“Are you ready to strike and refuse to work this Thanksgiving and Black Friday to protest Walmart’s bullying?” That is this year’s rallying call from the Organization United for Respect – better known as OUR Walmart – as they try once again to convince Walmart associates across the county to strike on Black Friday.
Since forming in 2011, OUR Walmart has targeted Black Friday seeking higher wages and greater respect for Walmart’s 1.3 million American associates, by far the largest private workforce in the nation and one which helped reap Walmart $280 billion in US sales last year.
OUR Walmart is being called a “worker organization” and while worker organizations don’t have negotiating power like unions, federal law permits them to speak out against employers without the threat of retaliation.
Earlier this month, and for the first time in company history, Los Angeles associates held a sit-down strike. Days later on November 18th, Sen. Elizabeth Warren (D-Mass.) hosted members of OUR Walmart on Capitol Hill.
There’s more: a petition was quietly circulated throughout Walmart Supercenters across the nation to gauge support for OUR Walmart. The results recently posted online show associates from all parts of the country support OUR Walmart’s demands for $15 an hour, full-time, consistent schedules, and (most importantly, they say) more respect for associates.
OUR Walmart is not a union; however, they receive financial support from the United Food and Commercial Union (UFCW). Dues are $5 a month, nevertheless.
The Walton heirs, the owners of Walmart and the world’s richest family, are sweating what is shaping up to be the mega-retailer’s most serious worker challenge to date.
The Waltons are standing their ground as the firings of OUR Walmart members mount. Manager snitch hotlines strictly for worker dissent have been set up, and Walmart appears to have reverted to using Facebook against OUR Walmart members.
“There’s a whole (new) set of workers who were retaliated against,” UFCW spokesperson Jamie Way told Toward Freedom about the latest wave of strikers. “There was a woman who had worked for Walmart for 11 years and she got fired right after she posted on Facebook that she was going on strike. There was another woman in California who had worked for the company for almost 20 years and was fired. A New York Times story came out about part-time work and it featured a picture of [an OUR Walmart member] and she was fired shortly after that.”
In response to all past retaliatory firings, OUR Walmart has turned to the National Labor Relations Board (NLRB) for legal help. After an investigation earlier this year the federal board, which protects a worker’s right to organize, issued a formal complaint accusing the mega-retailer of breaking labor laws.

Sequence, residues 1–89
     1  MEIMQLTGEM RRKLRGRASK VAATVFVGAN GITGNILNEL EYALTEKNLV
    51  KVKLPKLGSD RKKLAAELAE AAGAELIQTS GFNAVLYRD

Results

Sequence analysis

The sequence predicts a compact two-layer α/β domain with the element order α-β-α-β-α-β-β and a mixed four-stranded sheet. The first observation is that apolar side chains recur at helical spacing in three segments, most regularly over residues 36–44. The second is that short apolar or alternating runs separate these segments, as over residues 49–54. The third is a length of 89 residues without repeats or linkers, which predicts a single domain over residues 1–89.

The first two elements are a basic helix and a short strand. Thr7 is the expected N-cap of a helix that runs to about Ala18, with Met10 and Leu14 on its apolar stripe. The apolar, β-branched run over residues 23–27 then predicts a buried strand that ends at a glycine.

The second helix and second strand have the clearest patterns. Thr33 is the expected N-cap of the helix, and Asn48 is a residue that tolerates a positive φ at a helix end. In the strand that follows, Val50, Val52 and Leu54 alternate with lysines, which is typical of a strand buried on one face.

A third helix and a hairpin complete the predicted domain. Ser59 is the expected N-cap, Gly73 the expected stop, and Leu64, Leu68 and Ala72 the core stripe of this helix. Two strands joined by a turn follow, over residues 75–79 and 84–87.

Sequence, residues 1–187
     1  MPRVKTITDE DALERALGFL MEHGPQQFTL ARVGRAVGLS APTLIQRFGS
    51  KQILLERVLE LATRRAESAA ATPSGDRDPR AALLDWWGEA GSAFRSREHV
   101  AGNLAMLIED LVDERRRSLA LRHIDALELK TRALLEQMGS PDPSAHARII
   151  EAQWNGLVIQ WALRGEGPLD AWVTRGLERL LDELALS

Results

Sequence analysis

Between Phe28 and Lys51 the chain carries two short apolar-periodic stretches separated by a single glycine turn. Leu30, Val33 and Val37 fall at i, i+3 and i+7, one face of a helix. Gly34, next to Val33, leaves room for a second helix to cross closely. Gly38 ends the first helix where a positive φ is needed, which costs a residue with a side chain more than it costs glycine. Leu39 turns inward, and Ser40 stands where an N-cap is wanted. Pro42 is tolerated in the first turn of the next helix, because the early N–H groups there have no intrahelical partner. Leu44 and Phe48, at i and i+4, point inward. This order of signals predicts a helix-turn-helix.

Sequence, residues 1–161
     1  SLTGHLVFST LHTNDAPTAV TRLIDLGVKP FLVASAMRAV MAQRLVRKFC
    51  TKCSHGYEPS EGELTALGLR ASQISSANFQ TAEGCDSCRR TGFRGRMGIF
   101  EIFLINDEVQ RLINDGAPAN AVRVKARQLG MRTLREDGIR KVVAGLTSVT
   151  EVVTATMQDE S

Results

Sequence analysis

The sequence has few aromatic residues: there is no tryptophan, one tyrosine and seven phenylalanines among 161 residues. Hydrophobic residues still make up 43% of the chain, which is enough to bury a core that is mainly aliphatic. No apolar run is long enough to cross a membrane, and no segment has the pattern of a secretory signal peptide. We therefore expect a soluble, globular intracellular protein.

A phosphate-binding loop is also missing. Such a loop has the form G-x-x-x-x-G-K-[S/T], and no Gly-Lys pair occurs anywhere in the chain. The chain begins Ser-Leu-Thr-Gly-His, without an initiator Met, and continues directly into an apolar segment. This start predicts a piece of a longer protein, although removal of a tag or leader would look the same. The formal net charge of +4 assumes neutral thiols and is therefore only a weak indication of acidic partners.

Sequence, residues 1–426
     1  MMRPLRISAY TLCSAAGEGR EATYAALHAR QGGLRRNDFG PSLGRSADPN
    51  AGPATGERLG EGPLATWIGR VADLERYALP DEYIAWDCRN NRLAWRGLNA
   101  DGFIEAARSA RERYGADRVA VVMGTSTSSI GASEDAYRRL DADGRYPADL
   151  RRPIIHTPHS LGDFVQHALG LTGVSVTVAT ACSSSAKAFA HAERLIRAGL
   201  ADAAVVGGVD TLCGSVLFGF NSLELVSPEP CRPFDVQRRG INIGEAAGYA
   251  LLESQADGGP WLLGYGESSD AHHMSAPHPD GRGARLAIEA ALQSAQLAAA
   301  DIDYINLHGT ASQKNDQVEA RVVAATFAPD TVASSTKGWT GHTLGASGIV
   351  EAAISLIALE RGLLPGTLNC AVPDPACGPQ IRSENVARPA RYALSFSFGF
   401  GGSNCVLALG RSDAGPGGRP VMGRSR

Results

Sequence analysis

The federal board typically seeks a settlement before prosecuting any charges. But Walmart has stated that all firings “were legal and justified,” and thus the OUR Walmart labor complaints are headed to litigation.
These cases are still pending—when and if they are settled in federal courts is perhaps the key battle for what is arguably becoming the greatest labor fight of the 21st century.
One major concern is whether the NLRB will follow through with significant penalties against Walmart considering the charges that it violated labor laws appear unshakeable. The X-factor, however, could be Walmart’s powerful (financial) influence on Capitol Hill.
Walmart and its lobbyists have been greasing the palms of Congress and other federal agencies for decades. Take for example in 2013 how President Obama appointed Sylvia Mathews Burwell to head the Office of Management and Budget. Before this, Burwell was running the Walmart Foundation, the mega-retailer’s charitable arm.
But according to The Nation, she used the foundation’s “massive budget…to expand the retail giant’s influence at all levels of government.”
Perhaps foreshadowing how the NLRB will handle the OUR Walmart cases is the story of Kentucky resident Aaron Lawson, who steadfastly remains with OUR Walmart even though he is certain his affiliation led to his firing.
“I was there four years and I joined OUR Walmart three years ago,” explained Lawson, who was terminated earlier this year. “They knew I was with OUR Walmart and my activity with them. After I went on strike (last Black Friday) they pulled me into the office and read me a memo about it, and reprimanded me for the days I went on strike. This is a violation of the National Labor Relations Act.”
Lawson filed a “ULP” (unfair labor practice) with his regional NLRB office. However, the charge was dropped due to “lack of evidence,” said Lawson.
“They needed more documentation to prove to the judge that they were in violation of National Labor Relations Act,” he explained.
When asked if his story had any weight with the NLRB and the judge Lawson responded, “Apparently not. I think they (NLRB) were partially on Walmart’s side.”
John Lasker is a journalist from Columbus, Ohio
See these previous TF reports by John Lasker on Walmart workers’ organizing: